As we have explained yesterday, the Rabbis enacted a number of ordinances in order to remind us of the destruction of the Holy Temple. The underlying principle is that when a person has the good fortune of arriving at some occasion that gives him a sense of gratification, he must remember that his joy is incomplete, for the Temple still lies in ruins.
Therefore, the sages instituted that when a person builds a house for himself and arrives at its final stage, the whitewashing of the walls, he must remember that the house of the nation, the Holy Temple, still lies in ruins. And in remembrance of the destruction of the Holy Temple he must leave a square cubit of wall unwhitewashed.
A cubit is approximately half a meter, or 1.5 ft, and therefore, in practice, a square half meter of wall must be left without whitewash. Similarly, if a person covers his walls with wallpaper, he must leave a square half meter of wall without whitewash and without wallpaper. If possible, the unwhitewashed space should be situated on the wall opposite the entrance so that whoever enters the house can see it.
When one does not build a house but buys a house from someone else, does he need to scrape off some of the wall in order to uncover a square cubit?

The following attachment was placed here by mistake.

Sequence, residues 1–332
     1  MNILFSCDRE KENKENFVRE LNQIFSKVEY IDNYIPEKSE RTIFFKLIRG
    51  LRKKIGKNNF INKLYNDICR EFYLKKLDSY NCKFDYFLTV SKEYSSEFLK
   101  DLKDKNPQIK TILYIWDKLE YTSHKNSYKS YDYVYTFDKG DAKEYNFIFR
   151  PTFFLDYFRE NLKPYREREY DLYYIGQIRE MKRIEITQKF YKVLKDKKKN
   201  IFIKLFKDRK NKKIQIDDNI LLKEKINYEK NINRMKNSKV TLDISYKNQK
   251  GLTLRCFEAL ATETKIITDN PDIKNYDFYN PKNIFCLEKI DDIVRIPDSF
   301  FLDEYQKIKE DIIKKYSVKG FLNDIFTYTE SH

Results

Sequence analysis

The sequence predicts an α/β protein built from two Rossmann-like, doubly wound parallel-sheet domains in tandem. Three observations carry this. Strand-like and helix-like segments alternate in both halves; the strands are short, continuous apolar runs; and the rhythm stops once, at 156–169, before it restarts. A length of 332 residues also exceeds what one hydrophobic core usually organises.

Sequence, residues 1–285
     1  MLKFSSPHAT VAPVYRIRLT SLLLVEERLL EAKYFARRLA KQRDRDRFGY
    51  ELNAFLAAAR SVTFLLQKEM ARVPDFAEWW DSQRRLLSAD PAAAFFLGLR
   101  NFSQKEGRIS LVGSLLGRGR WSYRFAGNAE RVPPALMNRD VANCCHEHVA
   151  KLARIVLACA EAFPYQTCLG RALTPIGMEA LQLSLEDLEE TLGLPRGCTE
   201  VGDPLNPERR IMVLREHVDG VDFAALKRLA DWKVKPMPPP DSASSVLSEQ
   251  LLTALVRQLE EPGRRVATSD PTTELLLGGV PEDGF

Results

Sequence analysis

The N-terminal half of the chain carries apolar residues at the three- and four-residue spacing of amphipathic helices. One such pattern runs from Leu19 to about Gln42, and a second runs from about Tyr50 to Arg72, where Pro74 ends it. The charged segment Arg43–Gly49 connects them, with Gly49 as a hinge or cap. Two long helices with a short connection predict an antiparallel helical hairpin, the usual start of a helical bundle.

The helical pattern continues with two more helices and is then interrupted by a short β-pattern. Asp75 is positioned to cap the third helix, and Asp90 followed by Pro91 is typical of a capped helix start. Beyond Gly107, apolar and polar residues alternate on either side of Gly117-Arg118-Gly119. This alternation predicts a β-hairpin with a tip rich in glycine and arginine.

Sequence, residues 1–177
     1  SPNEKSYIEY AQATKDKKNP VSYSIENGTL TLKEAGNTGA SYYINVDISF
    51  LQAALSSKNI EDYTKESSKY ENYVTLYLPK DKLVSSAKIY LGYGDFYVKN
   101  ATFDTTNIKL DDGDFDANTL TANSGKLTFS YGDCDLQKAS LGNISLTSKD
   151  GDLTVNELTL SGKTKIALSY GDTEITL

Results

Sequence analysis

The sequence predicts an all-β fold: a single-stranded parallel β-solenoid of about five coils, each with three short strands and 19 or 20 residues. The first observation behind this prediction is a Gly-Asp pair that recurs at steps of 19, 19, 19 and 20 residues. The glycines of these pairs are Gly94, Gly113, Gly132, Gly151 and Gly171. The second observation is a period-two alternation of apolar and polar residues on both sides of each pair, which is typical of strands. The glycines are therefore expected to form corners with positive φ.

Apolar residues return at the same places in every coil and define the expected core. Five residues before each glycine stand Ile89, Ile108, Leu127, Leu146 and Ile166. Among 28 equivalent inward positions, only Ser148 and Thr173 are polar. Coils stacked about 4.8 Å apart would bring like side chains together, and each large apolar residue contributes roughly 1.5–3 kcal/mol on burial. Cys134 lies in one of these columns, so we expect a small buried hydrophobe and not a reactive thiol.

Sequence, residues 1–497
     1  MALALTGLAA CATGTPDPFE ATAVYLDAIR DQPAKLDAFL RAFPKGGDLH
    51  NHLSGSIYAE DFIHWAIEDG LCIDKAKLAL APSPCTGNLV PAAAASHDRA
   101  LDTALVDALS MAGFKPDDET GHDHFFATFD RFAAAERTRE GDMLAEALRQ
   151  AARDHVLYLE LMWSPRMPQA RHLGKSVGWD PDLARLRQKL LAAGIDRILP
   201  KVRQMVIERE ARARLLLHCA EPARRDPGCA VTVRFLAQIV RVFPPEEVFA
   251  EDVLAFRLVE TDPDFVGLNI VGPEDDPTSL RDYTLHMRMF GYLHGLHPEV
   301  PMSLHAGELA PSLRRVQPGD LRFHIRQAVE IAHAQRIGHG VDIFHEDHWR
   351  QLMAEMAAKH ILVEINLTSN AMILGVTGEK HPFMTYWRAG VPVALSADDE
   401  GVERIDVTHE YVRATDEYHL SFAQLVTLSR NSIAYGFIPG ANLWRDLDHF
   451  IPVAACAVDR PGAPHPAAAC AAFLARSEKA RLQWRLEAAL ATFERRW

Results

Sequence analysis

It depends. If the person who built the house was a Jew, he was obligated to leave a square cubit of wall unwhitewashed. Therefore, If he did not do so, the buyer must now scrape off the whitewash. However, if the original owner was a non-Jew, he was not obligated to leave an unwhitewashed area, and the buyer is exempt from scraping off a square cubit of whitewash (shulhan 'arukh, OH 560:1. For more details read here Rabbi E. Melamed, penine halakha).
I think that in this last case and in every other case when technically there is no obligation to scrape off the wall, it would be proper to hang a picture or a decorative painting of Yerushalayim or the Bet haMiqdash to educate ourselves and our children to remember the Hurban.
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